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Home > Library > Annotated Journal Abstracts > 2016 Q1: Bioethics

Annotated Abstracts of Journal Articles
2016, 1st Quarter

Bioethics

Annotations by Christina Scully, MD
April 2016


  • Singhvi A, Welch AN, Levitsky J, Singhvi D, Gordon EJ: Ethical considerations of transplantation and living donation for patients with alcohol-ic liver diseases
    AMA J Ethics 2016; 18(2):163-173
  • This article reviews the ethical considerations when determining suitability of transplant recipients with alcoholic liver diseases (ALD), reminding us that the landscape is complicated by concerns about equitable distribution of scarce resources and social stigmatization of patients with substance use disorders. Currently, patients with ALD are subjected to additional protocols during evaluation of transplant candidacy, unique to ALD, which influence their waitlist status for liver transplant. Citing liver transplant outcome data, the article calls the prevailing practice of abstinence periods into question and suggests incorporating substance use treatment pre- and post-transplant.

  • Trachsel M, Irwin SA, Biller-Andorno N, Hoff P, Riese F: Palliative psychiatry for severe and persistent mental illness
    Lancet Psychiatry 2016; 3(3):20
  • This editorial proposes a complementary palliative care approach to patients with severe and persistent mental illness with the goal of improving quality of care, person-centeredness and autonomy for this subset of patients that are at risk of therapeutic neglect and overly aggressive care. It challenges psychiatrists to acknowledge scenarios where remaining treatment methods are burdensome and ultimately futile. It cites example of forgoing repeat hospitalizations and involuntary referring in patients with severe, enduring anorexia nervosa.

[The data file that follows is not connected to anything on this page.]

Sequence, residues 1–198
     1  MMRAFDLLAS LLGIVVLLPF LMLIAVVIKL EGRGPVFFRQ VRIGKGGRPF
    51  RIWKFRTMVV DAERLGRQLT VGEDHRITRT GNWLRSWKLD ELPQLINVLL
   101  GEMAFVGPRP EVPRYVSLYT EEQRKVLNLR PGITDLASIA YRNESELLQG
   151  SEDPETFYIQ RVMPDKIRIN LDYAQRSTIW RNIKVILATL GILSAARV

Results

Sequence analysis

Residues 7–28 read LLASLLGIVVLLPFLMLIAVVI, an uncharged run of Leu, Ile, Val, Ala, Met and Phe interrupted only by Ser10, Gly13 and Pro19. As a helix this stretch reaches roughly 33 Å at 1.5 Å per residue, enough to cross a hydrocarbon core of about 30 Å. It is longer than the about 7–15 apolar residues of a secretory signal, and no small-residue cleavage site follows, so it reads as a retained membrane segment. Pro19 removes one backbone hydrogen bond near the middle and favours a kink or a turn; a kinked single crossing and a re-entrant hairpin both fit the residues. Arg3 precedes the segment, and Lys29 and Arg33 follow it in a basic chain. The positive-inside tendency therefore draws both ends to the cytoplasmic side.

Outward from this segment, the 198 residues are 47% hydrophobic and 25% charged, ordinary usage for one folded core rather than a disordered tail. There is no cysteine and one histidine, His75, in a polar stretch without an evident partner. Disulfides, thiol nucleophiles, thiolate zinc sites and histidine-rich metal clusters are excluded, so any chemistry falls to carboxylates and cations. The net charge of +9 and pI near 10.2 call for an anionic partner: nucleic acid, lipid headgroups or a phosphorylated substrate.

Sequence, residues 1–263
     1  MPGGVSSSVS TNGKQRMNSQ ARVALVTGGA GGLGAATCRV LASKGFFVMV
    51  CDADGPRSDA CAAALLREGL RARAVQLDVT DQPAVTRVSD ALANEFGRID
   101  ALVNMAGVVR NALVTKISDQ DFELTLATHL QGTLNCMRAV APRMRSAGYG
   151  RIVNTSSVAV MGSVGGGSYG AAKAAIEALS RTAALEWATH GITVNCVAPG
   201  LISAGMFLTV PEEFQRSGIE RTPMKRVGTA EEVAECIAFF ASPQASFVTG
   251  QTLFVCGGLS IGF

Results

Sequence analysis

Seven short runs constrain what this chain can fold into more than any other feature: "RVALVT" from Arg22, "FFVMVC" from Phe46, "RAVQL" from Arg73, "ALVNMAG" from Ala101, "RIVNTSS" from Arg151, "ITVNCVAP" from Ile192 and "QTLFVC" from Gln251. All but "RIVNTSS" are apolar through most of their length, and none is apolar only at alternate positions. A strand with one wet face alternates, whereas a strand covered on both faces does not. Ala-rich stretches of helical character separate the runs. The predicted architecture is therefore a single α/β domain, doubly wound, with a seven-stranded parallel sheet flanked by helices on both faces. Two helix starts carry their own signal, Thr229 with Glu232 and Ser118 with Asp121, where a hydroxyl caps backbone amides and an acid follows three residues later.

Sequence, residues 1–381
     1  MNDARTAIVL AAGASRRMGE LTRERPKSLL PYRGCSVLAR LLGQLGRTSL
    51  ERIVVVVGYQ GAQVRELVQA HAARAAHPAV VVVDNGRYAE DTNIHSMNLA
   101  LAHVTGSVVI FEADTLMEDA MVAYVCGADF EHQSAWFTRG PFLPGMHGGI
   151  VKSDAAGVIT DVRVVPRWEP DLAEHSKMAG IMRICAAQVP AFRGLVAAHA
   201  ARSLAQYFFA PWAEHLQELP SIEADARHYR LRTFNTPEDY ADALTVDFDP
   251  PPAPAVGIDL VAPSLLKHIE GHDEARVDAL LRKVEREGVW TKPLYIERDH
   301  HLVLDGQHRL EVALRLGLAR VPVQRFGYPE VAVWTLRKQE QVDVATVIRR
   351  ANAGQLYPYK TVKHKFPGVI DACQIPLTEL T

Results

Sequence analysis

• Connor DM, Elkin GD, Lee K, Thompson V, Whelan H: The unbefriended patient: an exercise in ethical clinical reasoning
    J Gen Intern Med 2016; 31(1):128-132
  • Patients who lack decision-making capacity and have no surrogates are known as “unbefriended” or “unrepresented.” They represent a growing segment of the population and, given increasing referrals for public guardianship, exceed legal resources. This article, via a case example, provides an overview of current available approaches to surrogate decision-making for unbefriended patients, including: public guardianship; physicians as surrogates (often with ethics committee involvement); trained volunteers as surrogates; detailed institutional pathways; non-profit organizations that identify adults at risk of becoming unbefriended patients, encourage documentation of healthcare wishes, and act as private conservator when/if clients lose capacity. Lastly, the article reminds us that there is often a contrast between patient-centered care and medical standard-defined quality care suggesting that multidisciplinary teams, including ethics committees, can protect against bias and explore emotional counter-transference and bias influences.


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